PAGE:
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Ask an Expert: Adelina Iftene on the Importance of Covid Vaccinations in Prisons
Canadians are now receiving COVID-19 vaccines, but some questions have been raised about who gets vaccinated first and why. While it’s true that anyone can be infected by the virus, some populations are at increased risk of exposure, at increased risk of severe disease, or both. For example, front-line healthcare workers are at increased risk of exposure, older people are at increased risk of severe disease and people who live in long-term care facilities are at increased risk for both.
As governments plan the vaccine roll out, they are using these risk factors as a guide for prioritizing distribution. In some cases, this includes planning for vaccinations in prisons. In others, it doesn’t.
Adelina Iftene, Schulich Law professor and associate director of the Health Law Institute, explains why vaccinations for incarcerated individuals should be prioritized and how this issue sheds light on the lack of preventative health care in prisons during the best of times.
Why is it important to include or even prioritize the prison population in vaccination rollout planning?
It's important to know that as a group people who are incarcerated have the most intersecting vulnerabilities of any others. Every marginalized group you can think of is going to be overrepresented in prisons, federal or provincial.
This population has many of the conditions that are known to create significant risks for contracting the coronavirus or for developing serious complications that in some cases can lead to death. You’ll find everything from asthma and cancer to HIV and Hepatitis C. And their rates of disease are not just a little bit higher — in some cases they can be 10-30 percent higher among this group than among the general population.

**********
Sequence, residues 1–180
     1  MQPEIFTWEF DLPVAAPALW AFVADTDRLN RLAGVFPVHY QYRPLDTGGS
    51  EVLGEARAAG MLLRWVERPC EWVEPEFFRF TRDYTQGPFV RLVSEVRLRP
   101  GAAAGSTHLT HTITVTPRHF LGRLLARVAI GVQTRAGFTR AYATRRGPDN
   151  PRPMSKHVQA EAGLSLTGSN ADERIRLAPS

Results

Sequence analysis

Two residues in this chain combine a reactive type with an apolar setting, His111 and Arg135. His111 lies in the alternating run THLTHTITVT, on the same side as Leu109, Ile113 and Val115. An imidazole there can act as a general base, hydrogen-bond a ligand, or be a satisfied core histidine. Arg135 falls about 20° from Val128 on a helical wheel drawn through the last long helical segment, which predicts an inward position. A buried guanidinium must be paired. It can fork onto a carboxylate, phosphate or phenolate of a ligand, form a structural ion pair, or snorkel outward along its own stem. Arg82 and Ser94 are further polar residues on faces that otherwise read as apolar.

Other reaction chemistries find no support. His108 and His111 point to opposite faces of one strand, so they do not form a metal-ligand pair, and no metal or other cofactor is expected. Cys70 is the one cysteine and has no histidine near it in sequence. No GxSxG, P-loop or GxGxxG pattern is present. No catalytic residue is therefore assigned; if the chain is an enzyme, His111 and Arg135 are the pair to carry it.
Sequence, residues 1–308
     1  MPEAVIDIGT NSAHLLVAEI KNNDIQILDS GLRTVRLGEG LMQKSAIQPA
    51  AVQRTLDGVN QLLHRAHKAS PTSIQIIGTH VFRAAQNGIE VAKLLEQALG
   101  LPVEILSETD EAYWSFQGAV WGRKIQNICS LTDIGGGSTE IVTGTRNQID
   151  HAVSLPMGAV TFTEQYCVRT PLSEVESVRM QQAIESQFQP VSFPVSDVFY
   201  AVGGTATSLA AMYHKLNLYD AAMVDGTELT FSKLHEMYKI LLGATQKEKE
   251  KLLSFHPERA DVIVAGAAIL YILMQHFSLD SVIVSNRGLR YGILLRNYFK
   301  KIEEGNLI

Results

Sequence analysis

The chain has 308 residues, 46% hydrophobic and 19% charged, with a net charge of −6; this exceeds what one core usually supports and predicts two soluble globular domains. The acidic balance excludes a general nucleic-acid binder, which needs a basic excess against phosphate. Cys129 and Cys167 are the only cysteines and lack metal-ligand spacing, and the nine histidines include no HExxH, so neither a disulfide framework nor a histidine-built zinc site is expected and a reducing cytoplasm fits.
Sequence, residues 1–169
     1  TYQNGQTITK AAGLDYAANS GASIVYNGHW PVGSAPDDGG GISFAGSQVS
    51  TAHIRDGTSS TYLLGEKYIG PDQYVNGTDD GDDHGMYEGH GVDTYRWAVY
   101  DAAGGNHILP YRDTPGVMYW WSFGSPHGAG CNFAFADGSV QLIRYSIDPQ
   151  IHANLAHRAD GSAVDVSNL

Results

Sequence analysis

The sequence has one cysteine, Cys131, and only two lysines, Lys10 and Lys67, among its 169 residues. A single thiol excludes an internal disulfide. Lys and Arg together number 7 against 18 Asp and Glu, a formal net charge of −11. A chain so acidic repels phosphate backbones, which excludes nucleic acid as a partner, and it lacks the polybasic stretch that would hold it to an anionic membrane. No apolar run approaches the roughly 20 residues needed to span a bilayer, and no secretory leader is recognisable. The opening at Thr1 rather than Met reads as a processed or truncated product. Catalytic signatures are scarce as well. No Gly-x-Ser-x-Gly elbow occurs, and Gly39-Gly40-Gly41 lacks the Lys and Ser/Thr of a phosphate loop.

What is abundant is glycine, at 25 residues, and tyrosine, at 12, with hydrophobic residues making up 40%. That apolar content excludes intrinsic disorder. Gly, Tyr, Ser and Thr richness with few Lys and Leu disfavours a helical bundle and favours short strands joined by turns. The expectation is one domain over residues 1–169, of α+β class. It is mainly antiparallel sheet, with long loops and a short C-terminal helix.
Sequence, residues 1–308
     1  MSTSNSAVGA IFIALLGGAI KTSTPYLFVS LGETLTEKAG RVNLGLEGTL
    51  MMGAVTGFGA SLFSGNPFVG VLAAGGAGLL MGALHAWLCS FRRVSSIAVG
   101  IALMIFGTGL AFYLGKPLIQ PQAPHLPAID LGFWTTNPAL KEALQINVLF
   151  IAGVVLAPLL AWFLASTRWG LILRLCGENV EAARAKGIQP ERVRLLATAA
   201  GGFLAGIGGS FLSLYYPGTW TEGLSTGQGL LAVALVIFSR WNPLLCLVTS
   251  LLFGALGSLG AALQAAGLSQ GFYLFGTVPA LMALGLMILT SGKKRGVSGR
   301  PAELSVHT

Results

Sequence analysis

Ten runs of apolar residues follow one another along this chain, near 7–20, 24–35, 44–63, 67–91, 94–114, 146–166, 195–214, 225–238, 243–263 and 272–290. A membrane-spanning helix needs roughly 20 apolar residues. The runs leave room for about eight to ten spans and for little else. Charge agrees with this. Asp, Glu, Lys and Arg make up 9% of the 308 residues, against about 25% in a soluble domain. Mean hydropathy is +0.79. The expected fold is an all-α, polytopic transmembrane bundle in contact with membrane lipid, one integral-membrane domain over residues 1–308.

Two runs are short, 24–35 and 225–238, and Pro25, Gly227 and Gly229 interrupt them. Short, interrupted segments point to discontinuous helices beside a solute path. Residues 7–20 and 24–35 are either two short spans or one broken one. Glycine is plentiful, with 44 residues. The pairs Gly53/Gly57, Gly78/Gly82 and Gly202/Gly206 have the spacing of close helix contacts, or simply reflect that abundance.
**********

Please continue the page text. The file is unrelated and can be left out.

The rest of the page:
Also, we see an overrepresentation of elderly in prisons because of the increase in some of the sentences and the increase in the number of life sentences. Right now, 25 percent of the federal prison population is considered elderly, which is higher than in the broader community. And we know that age is a risk factor for both contracting the disease and dying of it. We also know — and this is very telling of the significant burden of disease that these individuals have — that the life expectancy in prison is around 62, 20 years less than the Canadian average of 82.
And then, in the middle of all this, place a pandemic. That is a disaster waiting to happen. We've seen what could happen with other infectious diseases: the rate of HIV infection is 10 times higher in prison, for Hepatitis C it’s 45 times higher. So, prisons are hot spots for any kind of infection, and when you're dealing with something new like this that spreads not just through bodily contact, it's a recipe for disaster.